Action to vacate arbitration award. Courts have a “limited role” in actions to vacate an arbitration award because interpretation of a CBA is a matter for the arbitrator. “It is the arbitrator’s construction which the parties bargained for; and so far as the arbitrator’s decision concerns construction of the contract, the courts have no business overruling him because their interpretation of the contract is different from his,” the appeals court observed. “So long as the arbitrator ‘is even arguably construing or applying the contract and acting within the scope of his authority,’ the arbitral award must stand.”

Arbitrator’s analysis of CBA. Here, the arbitrator began his analysis of the evidence by quoting Article 26, the contractual provision on discipline and discharge. He concluded that Article 26 “includes a just cause standard for discipline and discharge.” He then addressed the employer’s position that he lacked authority to modify the discipline if he found the employee guilty of dishonesty or neglect of duty at any time.

Reviewing the language of Article 26, the arbitrator reasoned that it was clear the parties did not intend that any employee found to have committed one of the four offenses listed could be summarily discharged without regard to the factors arbitrators normally consider in determining whether there was just cause for discharge. Because the parties included a “just cause” standard in Article 26, it seemed unreasonable that the union would give the employer the unfettered right to discharge for any act of neglect of duty, dishonesty, sick leave abuse, or use of alcohol or non-medical drugs, he concluded. The arbitrator expressed concern that “almost every violation of Company policy could also be interpreted to constitute an act of neglect of duty or dishonesty.” According to the arbitrator, given the breadth of the term “absolute cause,” accepting the employer’s position would mean that “an employee guilty of almost any violation of Company policy, no matter how insignificant, could be subjected to summary discharge without the right to challenge the appropriateness of the penalty before an arbitrator.”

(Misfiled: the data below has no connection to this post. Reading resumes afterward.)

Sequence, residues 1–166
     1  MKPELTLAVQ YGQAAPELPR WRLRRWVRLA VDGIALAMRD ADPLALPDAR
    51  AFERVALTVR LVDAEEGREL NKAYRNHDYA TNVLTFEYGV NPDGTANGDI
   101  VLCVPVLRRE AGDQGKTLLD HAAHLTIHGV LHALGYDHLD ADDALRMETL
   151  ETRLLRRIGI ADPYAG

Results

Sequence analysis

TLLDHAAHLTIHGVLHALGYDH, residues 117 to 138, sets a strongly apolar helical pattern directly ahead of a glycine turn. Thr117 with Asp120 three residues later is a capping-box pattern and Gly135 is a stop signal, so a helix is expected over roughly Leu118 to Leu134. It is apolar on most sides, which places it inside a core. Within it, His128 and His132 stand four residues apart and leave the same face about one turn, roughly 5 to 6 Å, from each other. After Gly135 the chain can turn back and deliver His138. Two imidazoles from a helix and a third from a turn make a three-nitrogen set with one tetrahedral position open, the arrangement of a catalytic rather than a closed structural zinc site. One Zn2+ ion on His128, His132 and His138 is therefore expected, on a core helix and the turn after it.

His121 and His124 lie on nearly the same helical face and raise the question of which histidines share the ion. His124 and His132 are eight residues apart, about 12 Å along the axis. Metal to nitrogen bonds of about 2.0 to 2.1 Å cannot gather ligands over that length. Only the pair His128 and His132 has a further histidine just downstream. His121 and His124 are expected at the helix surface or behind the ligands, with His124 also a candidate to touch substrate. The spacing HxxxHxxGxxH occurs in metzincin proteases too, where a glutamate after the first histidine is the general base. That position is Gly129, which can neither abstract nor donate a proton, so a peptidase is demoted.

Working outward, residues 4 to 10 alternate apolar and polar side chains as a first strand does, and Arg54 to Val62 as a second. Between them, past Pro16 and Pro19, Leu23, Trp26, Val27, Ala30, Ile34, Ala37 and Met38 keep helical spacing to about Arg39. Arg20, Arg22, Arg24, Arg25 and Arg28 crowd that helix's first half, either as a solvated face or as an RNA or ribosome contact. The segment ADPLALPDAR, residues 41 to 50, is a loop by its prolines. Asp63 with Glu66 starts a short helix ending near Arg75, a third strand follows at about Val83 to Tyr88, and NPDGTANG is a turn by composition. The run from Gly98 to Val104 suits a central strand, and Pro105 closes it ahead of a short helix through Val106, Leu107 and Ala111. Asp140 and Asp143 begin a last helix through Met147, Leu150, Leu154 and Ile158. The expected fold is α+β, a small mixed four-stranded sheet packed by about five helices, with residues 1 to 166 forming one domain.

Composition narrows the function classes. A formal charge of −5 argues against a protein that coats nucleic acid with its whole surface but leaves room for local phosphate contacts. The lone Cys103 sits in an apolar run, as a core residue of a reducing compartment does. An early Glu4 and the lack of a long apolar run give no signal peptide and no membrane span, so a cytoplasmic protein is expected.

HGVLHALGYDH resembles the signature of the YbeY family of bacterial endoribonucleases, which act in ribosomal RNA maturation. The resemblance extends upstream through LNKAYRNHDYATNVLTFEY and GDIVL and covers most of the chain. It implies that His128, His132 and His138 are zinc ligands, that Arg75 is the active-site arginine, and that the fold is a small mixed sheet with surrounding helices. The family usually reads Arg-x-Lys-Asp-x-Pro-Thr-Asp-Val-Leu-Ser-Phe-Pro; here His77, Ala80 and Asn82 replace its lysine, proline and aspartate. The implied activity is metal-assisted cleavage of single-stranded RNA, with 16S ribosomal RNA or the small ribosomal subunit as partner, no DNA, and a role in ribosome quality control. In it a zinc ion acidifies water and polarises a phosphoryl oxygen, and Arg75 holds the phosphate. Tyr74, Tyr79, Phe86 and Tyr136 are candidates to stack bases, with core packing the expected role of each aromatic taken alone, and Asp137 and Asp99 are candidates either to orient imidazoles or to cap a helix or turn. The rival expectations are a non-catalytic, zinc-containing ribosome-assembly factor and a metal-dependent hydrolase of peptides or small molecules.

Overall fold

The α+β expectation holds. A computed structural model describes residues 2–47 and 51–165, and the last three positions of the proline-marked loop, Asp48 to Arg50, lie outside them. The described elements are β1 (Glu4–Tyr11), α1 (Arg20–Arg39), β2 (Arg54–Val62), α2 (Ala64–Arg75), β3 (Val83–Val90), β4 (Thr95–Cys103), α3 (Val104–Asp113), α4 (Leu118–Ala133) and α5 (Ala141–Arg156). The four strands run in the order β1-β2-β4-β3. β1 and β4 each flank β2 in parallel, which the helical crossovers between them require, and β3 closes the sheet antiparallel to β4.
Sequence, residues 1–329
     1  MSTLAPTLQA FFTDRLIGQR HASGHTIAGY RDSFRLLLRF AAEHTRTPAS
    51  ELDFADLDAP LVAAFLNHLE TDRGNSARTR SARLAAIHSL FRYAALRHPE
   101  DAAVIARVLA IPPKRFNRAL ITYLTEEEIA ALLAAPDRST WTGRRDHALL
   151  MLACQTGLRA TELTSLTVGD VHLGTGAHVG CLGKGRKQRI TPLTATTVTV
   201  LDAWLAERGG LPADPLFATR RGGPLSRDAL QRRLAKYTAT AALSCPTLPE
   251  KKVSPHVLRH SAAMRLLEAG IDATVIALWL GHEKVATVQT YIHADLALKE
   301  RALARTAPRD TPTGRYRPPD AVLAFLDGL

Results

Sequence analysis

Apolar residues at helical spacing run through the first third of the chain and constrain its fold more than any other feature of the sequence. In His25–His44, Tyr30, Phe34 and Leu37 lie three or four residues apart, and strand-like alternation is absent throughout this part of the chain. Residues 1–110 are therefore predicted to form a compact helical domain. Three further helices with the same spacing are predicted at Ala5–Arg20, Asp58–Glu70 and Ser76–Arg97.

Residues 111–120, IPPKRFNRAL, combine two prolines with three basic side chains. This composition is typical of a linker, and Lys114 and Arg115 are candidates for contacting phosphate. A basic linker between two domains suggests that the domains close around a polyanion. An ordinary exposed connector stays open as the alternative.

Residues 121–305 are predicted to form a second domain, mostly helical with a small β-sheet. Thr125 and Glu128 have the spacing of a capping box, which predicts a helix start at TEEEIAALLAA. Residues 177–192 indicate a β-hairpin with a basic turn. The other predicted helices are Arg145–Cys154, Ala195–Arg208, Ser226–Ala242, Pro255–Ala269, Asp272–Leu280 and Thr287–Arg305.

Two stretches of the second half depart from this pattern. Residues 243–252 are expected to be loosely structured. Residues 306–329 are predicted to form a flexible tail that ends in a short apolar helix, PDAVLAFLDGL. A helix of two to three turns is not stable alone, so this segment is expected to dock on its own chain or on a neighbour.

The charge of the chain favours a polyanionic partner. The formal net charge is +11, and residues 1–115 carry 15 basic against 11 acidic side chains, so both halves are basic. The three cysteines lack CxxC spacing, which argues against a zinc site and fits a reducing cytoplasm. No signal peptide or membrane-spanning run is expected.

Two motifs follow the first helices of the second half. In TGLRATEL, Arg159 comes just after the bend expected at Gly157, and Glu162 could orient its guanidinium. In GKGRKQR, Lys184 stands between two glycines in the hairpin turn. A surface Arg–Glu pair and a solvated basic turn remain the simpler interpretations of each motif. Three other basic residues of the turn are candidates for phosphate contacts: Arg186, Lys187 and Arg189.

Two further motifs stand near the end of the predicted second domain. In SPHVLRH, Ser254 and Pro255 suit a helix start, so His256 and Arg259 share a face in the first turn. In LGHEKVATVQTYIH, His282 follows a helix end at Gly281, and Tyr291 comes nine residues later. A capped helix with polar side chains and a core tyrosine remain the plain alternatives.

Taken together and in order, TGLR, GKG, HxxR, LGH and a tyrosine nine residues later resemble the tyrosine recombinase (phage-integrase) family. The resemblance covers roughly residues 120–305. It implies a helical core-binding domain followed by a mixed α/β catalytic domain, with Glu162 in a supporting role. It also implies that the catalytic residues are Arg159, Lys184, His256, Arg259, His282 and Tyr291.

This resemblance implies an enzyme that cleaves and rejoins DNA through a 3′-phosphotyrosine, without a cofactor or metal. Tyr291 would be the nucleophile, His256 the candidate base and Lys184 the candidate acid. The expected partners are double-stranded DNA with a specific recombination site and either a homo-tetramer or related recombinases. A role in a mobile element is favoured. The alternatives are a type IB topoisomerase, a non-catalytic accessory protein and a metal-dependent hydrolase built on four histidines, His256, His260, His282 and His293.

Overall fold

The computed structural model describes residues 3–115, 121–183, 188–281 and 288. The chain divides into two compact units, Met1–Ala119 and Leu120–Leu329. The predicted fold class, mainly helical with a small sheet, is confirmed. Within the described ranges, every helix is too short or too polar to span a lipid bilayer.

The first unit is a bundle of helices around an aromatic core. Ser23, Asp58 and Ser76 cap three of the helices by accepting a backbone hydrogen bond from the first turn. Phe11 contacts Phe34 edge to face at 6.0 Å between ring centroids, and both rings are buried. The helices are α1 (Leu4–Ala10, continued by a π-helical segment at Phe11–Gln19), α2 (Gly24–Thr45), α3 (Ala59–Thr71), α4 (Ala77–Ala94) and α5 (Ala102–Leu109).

No basis to vacate award. To justify vacating the arbitration award, the employer had to establish that the arbitrator based his decision on “some body of thought, or feeling, or policy, or law that is outside the contract.” Here, it was not clear that the arbitrator acted on his own notions of industrial justice instead of attempting to construe the contract. Rather, the arbitrator relied heavily on the potential breadth of the terms “neglect of duty” and “dishonesty,” and his view that accepting the employer’s position on “absolute cause” would effectively negate the just cause standard derived from the CBA’s discipline and discharge provisions. Right or wrong, this was an interpretation of the contract, concluded the appeals court. Even if there was a serious error in his analysis, the arbitrator arguably construed the contract.

Accordingly, the appeals court reversed the judgment of the district court and remanded with directions to confirm the arbitration award.